I don't really remember too many details. People keep saying to me,
"Jesus, you were there!" and I go, "Oh, yeah, that's right, I was." I
was so busy. I had my head down. First, I was on the road, seven days a
week, 52 weeks a year. When you're 15, you can do that. My parents
allowed me to go, because I had this female manager who had kids of her
own and was married. She took care of me when I was in London. I lived
with her family. I was on the phone to my mother every night, telling
her what had happened everyday. You know, hanging out with The Beatles
and Stones and The Animals. Then, of course, The Bee Gees, and I
finally married a Bee Gee.
It was all a little
bit of a whirlwind and it's amazing that I'm still alive to tell the
your best-known song in the States is the theme from
To Sir With Love. When you were
recording the song, did you have any clue that it would become the type
of musical standard which it has?
First of all, I had
the song written. Making the movie, my manager said, "If you want her
in the movie, she has to sing the title song." That was in my
contract. That was the deal that was made for me, which was kind of
genius, now that you look back. They came up with these really awful
songs. I thought because Columbia Pictures were connected to Screen
Gems publishing, they would have Burt Bacharach or some of the greatest
writers in the world. But they didn't. The songs that were sent were
to me, I didn't feel that they were right or good enough. So, I
initiated in the room the writing of that melody with Mark London, who
said, "Nah, they'll never use it." I said, "sit down, sit down!"
both sat down and he played the piano, rather badly, and came up... I
wish I had said put my name to it, because really and truly I had a part
of it, but one has to be grateful for what one has. Then, I said,
"That's it! That's it. That run will do." Because I was desperate.
They were sending rubbish. The people involved with the film didn't
care. It wasn't important to them. They could have a little song, it
didn't matter. They didn't know. But to me, it was really important.
Then we called Don Black, who was famous for writing "Born
Free." I can't remember what else he had written at that time, but he
was pretty out there as a lyricist. He looked at the script, came back
with the lyric and the lyric helped the melody.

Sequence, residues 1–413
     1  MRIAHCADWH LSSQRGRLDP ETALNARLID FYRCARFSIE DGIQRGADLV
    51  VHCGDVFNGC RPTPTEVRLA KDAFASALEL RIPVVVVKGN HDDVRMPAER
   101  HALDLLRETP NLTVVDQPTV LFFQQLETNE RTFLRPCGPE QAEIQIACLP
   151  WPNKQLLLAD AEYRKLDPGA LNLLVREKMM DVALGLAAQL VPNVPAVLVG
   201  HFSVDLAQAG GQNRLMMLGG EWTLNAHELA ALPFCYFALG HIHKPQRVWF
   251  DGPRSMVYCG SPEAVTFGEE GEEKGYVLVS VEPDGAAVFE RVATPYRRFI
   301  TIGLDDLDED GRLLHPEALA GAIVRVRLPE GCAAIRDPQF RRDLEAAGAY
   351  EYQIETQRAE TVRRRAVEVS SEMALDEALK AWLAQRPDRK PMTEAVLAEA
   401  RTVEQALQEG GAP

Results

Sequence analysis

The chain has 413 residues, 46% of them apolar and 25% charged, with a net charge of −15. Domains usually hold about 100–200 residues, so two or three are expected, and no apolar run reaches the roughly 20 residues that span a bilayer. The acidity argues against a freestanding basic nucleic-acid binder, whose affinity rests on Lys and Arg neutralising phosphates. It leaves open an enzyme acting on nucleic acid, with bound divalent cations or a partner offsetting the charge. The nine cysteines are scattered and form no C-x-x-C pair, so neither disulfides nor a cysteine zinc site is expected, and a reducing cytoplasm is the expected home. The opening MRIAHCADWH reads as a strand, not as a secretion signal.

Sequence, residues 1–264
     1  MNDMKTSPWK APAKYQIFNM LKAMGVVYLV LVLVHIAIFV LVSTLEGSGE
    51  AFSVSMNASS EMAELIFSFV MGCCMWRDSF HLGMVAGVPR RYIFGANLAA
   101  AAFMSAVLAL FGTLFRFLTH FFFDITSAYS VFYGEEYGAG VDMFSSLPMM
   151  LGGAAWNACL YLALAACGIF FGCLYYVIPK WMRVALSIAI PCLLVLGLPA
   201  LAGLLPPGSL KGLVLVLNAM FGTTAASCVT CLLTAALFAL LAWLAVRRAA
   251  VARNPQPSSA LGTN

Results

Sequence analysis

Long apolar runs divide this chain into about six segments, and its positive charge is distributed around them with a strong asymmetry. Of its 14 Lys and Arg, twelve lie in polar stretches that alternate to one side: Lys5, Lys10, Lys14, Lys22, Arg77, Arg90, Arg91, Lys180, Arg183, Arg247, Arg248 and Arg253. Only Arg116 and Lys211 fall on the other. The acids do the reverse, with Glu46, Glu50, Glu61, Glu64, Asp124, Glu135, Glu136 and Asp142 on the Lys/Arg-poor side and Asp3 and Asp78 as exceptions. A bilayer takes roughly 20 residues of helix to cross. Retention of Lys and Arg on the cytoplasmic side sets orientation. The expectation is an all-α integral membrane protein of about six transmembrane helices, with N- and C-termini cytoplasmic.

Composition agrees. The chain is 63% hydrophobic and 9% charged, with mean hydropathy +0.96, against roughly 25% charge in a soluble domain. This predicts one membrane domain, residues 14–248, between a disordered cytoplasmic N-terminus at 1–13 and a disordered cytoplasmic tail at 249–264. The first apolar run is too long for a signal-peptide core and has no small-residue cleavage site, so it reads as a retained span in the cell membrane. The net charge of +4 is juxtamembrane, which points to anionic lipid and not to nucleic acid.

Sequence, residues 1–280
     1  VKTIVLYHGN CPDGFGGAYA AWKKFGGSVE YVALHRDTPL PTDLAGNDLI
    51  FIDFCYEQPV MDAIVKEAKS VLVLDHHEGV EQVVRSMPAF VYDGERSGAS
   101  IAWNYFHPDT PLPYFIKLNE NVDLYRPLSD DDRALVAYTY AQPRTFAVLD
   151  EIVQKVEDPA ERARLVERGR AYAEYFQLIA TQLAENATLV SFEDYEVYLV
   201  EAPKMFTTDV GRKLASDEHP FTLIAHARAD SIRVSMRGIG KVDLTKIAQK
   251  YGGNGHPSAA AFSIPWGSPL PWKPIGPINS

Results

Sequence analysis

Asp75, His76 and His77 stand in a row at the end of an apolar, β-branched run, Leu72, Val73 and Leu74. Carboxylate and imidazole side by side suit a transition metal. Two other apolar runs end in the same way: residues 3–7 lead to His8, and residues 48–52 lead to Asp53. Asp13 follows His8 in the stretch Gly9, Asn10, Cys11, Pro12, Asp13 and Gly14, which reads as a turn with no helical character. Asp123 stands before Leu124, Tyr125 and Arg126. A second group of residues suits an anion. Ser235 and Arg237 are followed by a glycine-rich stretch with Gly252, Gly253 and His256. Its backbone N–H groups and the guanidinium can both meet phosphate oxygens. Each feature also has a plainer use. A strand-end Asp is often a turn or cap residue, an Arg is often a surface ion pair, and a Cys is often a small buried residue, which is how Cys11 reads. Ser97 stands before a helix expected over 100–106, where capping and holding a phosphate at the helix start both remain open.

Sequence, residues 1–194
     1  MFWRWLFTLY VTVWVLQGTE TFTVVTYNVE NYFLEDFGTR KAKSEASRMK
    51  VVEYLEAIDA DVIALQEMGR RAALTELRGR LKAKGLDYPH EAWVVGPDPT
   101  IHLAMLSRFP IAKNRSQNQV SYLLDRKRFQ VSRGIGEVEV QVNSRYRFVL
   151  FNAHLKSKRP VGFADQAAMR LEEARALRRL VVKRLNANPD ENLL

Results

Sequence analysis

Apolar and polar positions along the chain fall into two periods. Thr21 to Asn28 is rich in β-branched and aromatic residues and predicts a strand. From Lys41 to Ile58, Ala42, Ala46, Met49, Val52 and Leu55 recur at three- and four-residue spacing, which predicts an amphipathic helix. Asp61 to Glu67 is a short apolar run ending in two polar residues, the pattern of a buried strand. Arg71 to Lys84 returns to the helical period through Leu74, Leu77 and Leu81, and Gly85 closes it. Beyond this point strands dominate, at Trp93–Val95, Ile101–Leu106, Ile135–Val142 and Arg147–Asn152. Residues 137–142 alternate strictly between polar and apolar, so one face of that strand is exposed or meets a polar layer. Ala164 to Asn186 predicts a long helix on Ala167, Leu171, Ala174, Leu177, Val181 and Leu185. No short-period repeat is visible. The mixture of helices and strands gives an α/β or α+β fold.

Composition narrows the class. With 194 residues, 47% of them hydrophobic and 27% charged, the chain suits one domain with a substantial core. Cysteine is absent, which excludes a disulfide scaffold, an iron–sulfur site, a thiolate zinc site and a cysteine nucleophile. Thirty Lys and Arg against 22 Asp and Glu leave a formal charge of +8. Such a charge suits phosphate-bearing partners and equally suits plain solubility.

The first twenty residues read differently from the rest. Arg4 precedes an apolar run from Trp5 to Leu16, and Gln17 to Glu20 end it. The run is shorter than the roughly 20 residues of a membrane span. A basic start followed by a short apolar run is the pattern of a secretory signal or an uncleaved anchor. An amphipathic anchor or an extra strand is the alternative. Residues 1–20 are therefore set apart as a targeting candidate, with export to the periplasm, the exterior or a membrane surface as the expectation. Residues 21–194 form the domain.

The melody is actually a very odd melody. It's not a song that you're
going to have people singing at parties. You're not going to sing it
without accompaniment. It's not easy to do. It's kind of an odd, out
of the box song. But his lyric was so descriptive and painted a picture
of what actually was happening in the film. He's brilliant.
Then we did the
song and I had a real problem. Mickey Most [her producer] didn't like
it. He didn't care about it. I was crying. "Mickey, you've got to do
this because it's going to be in the film. I'm in the film!" And he
was like, "Whatever." He half-heartedly recorded it. He didn't put any
heart and soul into it, the way he did with a lot of other stuff that we
recorded. He did it because he really had to, because I was so emotional
about it. Then he brought, I think, four string players in. I said,
"Four violins? We should have like 16." Even at that age, I knew he
was skimping on it, you know? He then
refused to put in on the A-side of the single. Can you imagine? I was
pulling my hair out, and I was just 16 at the time. He put it on the
B-side, but what happened was, in England, they didn't care about the
film. It was no big deal. They didn't care about watching, because the
issues in that film were not so prevalent in England as they were in
America. The political issues. They didn't make a big deal of the film
there and the song didn't get played very much. But in America, it was
massive. What happened was, the disk jockeys in America turned it
over. The record companies, they would issue this is the A-side. This